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Managing the Urban HIV Epidemic in the United States: More Than the Status Quo Needed

Graber CJ. Managing the Urban HIV Epidemic in the United States: More Than the Status Quo Needed. IDSA Newsletter Journal Club [Internet]. 2019 Dec 11. Available from:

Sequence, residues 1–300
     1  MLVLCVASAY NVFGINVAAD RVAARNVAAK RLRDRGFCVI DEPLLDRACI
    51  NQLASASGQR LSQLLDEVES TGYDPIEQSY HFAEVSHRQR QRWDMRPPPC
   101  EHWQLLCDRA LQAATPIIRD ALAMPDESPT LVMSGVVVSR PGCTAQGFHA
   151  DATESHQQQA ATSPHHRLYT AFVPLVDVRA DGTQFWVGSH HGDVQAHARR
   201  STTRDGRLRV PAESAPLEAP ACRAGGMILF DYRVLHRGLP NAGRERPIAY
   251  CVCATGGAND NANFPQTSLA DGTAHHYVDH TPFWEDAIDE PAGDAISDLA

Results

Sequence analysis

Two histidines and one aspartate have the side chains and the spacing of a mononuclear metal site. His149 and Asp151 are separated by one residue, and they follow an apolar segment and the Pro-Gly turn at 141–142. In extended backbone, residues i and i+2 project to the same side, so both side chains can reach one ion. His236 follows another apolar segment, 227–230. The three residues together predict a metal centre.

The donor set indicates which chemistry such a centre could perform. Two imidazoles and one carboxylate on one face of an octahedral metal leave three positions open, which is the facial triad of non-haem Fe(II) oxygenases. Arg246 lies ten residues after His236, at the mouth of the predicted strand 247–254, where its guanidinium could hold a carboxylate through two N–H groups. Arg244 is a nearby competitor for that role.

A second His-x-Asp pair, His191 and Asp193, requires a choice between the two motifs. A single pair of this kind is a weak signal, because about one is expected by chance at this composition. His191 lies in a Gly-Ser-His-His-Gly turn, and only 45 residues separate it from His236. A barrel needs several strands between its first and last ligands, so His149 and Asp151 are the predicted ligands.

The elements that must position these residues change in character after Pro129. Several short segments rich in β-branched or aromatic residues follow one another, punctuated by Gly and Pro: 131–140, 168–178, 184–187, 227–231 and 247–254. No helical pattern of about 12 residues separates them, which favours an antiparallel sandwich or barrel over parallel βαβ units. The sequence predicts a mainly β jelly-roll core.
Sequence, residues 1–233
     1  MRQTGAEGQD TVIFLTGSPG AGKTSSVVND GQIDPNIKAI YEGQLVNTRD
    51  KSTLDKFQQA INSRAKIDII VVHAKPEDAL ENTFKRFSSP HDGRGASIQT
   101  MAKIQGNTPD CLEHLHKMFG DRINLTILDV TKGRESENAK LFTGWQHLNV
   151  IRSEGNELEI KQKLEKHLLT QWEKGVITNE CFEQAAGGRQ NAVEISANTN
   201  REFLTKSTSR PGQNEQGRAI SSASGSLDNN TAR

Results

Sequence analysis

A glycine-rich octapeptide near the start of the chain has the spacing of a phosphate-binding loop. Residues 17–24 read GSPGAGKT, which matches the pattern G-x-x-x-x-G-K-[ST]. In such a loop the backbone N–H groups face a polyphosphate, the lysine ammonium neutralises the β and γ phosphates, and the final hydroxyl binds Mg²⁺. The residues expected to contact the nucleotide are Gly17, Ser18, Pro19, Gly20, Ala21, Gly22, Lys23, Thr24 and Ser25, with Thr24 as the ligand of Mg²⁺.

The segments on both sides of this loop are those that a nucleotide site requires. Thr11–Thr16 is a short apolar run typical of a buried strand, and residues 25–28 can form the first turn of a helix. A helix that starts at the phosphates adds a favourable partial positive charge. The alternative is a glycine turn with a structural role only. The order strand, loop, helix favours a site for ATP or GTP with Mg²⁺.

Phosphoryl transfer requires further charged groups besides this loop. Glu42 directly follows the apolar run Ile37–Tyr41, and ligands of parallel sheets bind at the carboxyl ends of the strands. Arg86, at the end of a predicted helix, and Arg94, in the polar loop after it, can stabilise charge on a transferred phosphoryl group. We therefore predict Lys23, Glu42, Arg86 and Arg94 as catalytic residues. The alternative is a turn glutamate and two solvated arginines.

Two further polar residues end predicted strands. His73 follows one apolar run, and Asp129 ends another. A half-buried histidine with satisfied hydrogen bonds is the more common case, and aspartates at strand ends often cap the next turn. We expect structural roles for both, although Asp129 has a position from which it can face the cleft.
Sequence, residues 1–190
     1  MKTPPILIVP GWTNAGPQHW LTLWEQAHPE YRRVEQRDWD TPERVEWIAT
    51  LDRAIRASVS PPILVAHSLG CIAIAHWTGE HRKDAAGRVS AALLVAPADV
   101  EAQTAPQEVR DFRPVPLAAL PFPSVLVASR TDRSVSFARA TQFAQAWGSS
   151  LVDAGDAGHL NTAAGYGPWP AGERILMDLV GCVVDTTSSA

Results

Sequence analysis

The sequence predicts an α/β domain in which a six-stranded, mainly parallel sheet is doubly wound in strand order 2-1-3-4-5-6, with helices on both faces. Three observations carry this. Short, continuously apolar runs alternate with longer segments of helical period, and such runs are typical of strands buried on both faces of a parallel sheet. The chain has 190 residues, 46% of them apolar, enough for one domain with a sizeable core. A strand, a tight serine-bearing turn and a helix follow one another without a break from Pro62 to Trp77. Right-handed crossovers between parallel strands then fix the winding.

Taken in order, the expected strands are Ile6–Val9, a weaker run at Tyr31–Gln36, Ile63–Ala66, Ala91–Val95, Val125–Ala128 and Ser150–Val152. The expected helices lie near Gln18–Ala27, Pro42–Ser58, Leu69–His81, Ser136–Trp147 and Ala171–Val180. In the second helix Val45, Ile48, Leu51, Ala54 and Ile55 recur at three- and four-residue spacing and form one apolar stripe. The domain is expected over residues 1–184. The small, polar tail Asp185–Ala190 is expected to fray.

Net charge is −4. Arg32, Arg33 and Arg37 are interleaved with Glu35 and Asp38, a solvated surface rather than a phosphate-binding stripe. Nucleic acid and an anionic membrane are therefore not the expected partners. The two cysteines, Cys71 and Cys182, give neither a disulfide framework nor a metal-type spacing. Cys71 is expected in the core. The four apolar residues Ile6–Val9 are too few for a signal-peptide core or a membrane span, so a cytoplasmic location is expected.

The scientific and medical communities have made tremendous strides in the past quarter century in developing effective treatments for HIV infection. However, fully implementing these treatments and other preventive strategies to the point where an end to the epidemic in the United States is in sight has so far been elusive. A modeling study recently published in Clinical Infectious Diseases poses a provocative question: What will the HIV epidemic look like in 2030 if the current status quo is maintained in terms of access to HIV treatment care and prevention services? The authors created a dynamic, compartmental HIV transmission model for six U.S. cities: Atlanta, Baltimore, Los Angeles, Miami (Dade County), New York City, and Seattle (King County). The model captured heterogeneity in risk of HIV transmission, age, and disparities in access to care and preventive services, examining 1,667 parameters for each city derived from 11 primary database analyses, 59 peer-reviewed publications, and 24 public health and surveillance reports. Across all six cities, overall population-weighted HIV incidence, as compared to 2020, was estimated to decrease by 3.1 percent by 2025 and 4.3 percent by 2030, but variation was high in both 2025 (range from 0.6 percent increase in Los Angeles to 12.2 percent decrease in New York City) and 2030 (5.2 percent increase in Atlanta to 19.7 percent decrease in New York City). Particular factors that affected incidence included strong political support and treatment scale-up in New York City; enhanced prevention efforts among young men who have sex with men (MSM) in Seattle; a decline in HIV incidence in black MSM in Los Angeles (due in part to epidemic saturation) that is offset by increases in HIV incidence among white and Hispanic MSM; increasing incidence among Hispanic MSM in Miami and Atlanta; and a shift in Baltimore's HIV epidemic to younger black and Hispanic MSM. This study depicts the HIV epidemic in the United States as a complex aggregation of micro-epidemics, at least in the urban setting. It serves as a powerful wake-up call that more needs to be done if an end to the HIV epidemic is going to occur in our lifetime

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